Lakota Nation Invitational – Rapid City, SD
On the surface, it’s a high school basketball tournament. But looking around at the players, coaches, fans, and vendors, it’s much more than just a high school basketball tournament. It’s traditions, family, education, culture, and competition, all rolled into one long weekend in Rapid City, SD.
The Lakota Nation Invitational brings together Lakota people, as well as other Native American tribes from South Dakota, North Dakota, Nebraska, and Wyoming for a weekend of inter-tribal competition. The main attraction is the basketball tournament, which hosts 16 boys’ and 16 girls’F teams in a bracket style tournament. Teams are not eliminated, but either move up or down the bracket depending on their last win or loss.
In addition to the basketball tournament, there are various other competitions that students compete in, including archery, a knowledge bowl, language bowl, hand games, and an art show. Outside of the competitions, there are vendors selling Native crafts, t-shirts, and food, as well as many displays from area colleges and health clinics. There are also youth enrichment talks and speakers, which attempt to inform the high schoolers about issues that affect their communities as a whole, including domestic violence, alcoholism, drug abuse, and reproductive health issues. All coaches and players are required to attend one of these seminars while at the LNI.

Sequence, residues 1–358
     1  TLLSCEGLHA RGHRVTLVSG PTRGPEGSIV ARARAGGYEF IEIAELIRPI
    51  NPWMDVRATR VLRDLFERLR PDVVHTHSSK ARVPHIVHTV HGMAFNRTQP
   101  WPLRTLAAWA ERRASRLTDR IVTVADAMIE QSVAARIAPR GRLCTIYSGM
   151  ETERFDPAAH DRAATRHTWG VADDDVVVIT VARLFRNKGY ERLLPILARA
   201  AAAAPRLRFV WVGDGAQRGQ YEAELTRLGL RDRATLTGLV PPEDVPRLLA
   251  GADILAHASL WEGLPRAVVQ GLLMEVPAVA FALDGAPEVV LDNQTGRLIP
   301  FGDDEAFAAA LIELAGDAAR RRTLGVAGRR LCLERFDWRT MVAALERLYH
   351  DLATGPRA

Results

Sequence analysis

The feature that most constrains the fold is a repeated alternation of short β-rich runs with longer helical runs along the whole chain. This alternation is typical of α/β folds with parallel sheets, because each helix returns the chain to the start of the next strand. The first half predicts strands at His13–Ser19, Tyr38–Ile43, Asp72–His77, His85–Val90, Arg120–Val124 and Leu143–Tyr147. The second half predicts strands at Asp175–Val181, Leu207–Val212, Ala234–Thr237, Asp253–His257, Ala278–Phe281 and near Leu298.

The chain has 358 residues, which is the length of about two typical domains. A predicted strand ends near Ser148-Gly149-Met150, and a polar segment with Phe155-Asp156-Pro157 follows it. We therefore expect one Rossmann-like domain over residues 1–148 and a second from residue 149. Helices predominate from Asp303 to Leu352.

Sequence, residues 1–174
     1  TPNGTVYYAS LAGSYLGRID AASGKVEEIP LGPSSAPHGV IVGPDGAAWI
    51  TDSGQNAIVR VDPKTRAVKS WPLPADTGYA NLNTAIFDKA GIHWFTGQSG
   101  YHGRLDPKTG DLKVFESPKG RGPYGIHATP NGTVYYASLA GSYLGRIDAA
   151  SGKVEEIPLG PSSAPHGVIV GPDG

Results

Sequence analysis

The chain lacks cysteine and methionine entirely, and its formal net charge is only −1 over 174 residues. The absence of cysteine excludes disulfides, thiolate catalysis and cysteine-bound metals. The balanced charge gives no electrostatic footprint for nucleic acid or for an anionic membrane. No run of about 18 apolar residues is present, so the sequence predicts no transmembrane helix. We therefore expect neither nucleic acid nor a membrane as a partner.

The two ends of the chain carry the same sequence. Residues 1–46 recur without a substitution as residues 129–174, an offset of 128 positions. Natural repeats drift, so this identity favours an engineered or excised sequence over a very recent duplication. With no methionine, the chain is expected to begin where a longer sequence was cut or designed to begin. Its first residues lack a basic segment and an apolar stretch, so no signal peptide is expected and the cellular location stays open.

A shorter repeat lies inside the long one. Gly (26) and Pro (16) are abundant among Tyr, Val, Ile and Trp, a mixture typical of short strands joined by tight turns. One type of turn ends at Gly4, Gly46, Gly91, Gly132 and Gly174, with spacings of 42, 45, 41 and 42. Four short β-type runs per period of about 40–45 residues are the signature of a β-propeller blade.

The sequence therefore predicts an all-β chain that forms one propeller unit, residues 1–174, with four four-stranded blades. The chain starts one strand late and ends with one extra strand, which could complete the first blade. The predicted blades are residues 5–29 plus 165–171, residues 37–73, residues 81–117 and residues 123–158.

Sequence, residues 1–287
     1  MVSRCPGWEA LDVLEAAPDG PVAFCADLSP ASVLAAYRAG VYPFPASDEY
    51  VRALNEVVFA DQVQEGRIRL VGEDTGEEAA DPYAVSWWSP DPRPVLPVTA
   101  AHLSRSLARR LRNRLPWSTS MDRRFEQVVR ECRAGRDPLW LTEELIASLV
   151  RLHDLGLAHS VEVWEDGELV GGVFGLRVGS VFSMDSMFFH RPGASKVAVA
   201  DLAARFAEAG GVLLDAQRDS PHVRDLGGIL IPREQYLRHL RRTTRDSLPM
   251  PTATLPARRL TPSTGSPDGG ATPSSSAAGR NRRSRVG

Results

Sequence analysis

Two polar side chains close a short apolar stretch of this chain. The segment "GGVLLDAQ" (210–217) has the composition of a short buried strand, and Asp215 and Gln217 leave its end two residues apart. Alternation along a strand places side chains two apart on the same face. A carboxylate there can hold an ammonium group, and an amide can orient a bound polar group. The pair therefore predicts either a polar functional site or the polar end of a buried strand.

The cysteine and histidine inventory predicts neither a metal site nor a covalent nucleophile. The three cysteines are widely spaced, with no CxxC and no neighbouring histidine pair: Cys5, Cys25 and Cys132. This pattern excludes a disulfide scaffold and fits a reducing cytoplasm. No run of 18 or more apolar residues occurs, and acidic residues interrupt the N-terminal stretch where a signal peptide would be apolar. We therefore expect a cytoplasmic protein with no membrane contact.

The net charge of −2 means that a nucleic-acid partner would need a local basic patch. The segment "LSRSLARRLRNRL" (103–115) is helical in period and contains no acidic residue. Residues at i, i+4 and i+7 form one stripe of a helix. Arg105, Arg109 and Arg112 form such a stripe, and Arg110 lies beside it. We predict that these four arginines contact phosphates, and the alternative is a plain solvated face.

Native American reservations have some of the highest poverty, alcoholism, and teen pregnancy rates in the country, coupled with some of the lowest education and general health scores. But, like anything else, that only scratches the surface on an incredibly diverse and complicated race and culture. It’s trite and somewhat obvious at this point in our society to write something like: “These issues don’t exemplify EVERY Native American” or even: “Their ideas of gender and societal norms don’t align with mainstream America, but that’s OK”. But sometimes we need to remember those statements when looking at any group of people.
For instance, when speaking with a resident of a reservation we learned “it’s normal for girls to have a child in their teens, and have their parents take care of that baby. This cycle repeats itself, where the grandparents are in their 30s taking care of grandchildren in the same age range as many parents”. This may account for the high teen pregnancy rate as a number, but doesn’t account for a non-mainstream social measure of success. Or, take an issue like poverty. Reservation life is a different way of life where conventional ideas of rich and poor just don’t quite fit. We’re talking about a society that existed around handmade shelter for thousands of years. Many Native Americans desire to continue to live off of the land like their ancestors, which I would imagine census bureaus would file under “extreme poverty”. Community, family, history, tradition, and the land are often times more important than material possessions for Native Americans.